“Once you’ve made those decisions you can feed that information back into your data base schedule, so that if you’re planning overtime, you can use Orchestrate to identify what jobs to do over the weekend and ensure that the people coming in are exactly clear on what jobs to do and in what sequence,” says Schregardus.

 

Visibility

To achieve visibility, tight integration is required. Orchestrate will, obviously, import and export data to and from an ERP system, something that Schregardus says “would be difficult with a spreadsheet”. He emphasises the benefits of an intelligent, integrated system. “That means you have all your works orders, purchase orders and sales orders contained within Orchestrate and as you create new sales orders etc. in your ERP then it imports and flows into the APS system. You can view if your purchase orders are early or late too.” He illustrates his last point with a story on how a customer improved its cash flow through being able to see that the company was ordering ten tons of titanium unnecessarily early – “a clear benefit of complete visibility and a proper understanding of the situation,” he adds.

However, one of the biggest issues for companies trying to gain a greater understanding of true demand and the dynamics of the supply chain, is managing the vast mountain of data that is now available.

Dawn Howarth of Oliver Wight says, “There is just too much data to know what to do with. And we don’t always recognise the level of accuracy that we have within the data. Therefore should we be making multi-million pound decisions on data without understanding how accurate it is? If you really knew how badly some companies manage their data on a day-to-day basis you would never use that data for anything significant.”

Referring to the trend for big data, she says companies can be overwhelmed and can suffer “analysis paralysis”. The issue is too much data and not enough information.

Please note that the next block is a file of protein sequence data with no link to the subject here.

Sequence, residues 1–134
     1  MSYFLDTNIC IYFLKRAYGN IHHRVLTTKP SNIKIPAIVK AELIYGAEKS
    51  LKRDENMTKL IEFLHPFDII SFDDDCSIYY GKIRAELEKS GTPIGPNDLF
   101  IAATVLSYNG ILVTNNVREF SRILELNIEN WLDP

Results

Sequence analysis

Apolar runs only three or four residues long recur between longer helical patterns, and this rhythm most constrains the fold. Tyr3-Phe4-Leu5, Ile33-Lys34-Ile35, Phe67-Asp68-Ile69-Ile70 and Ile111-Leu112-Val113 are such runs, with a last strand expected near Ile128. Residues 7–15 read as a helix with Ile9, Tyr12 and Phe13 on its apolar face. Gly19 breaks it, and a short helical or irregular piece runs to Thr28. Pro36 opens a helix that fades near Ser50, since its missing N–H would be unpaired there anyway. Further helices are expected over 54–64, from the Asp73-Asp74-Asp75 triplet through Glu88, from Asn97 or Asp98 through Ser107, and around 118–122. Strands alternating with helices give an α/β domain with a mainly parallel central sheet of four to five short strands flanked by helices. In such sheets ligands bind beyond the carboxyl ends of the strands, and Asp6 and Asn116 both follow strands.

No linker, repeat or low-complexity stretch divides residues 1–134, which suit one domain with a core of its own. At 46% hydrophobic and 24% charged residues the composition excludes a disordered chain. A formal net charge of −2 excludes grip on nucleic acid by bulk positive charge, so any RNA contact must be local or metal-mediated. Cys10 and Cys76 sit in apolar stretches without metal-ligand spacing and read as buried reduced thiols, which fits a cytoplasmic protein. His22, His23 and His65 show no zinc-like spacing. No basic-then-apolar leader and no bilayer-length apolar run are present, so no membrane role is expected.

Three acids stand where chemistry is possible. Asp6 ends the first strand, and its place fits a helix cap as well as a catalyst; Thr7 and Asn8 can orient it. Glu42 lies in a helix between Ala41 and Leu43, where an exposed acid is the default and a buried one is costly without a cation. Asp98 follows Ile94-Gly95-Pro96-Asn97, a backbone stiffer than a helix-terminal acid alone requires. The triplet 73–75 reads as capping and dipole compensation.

The problem for many businesses is that “they haven’t been able to transform data into information or knowledge,” she says. “Big data is often seen as the “Holy Grail”, but people haven’t really got the processes and understanding to use it properly at the moment – but the potential if phenomenal.”

Howarth believes it is early days for big data. “A lot of companies are learning the hard way when they invest in these large data warehouses – they realise it’s just not good enough at the moment,” she says; pointing out that there are two elements to address. “They have got to ensure the accuracy of the data they are collecting but then, it’s the ability to weed out exactly what they are trying to get from the data… and being able to quickly draw on it to take good decisions – rather than just being swamped in numbers.”

So it seems good planning is dependent upon ensuring accuracy of data and the use of sound analytical tools.

According to Jonathan Jackman of Logility, Advanced analytics is a hot topic within mature organisations at the moment. He says, “There’s loads of data swimming around the place now, lots of data sources and different elements of data and that finds its way into a supply chain system. So you need an analytics engine to cut through that and understand what the trends are and what’s going on in the marketplace. And then that needs to be fed back into the supply chain to get it to react in time to meet the service requirements.”

For the “front-runners” this dashboard approach to planning brings significant advantages. Both Schregardus and Jackman agree that businesses are now better able to run “what if” scenarios and simulations to see what the impact would be on the supply chain to changes in circumstances. In a dynamic business environment such tools are fast becoming invaluable.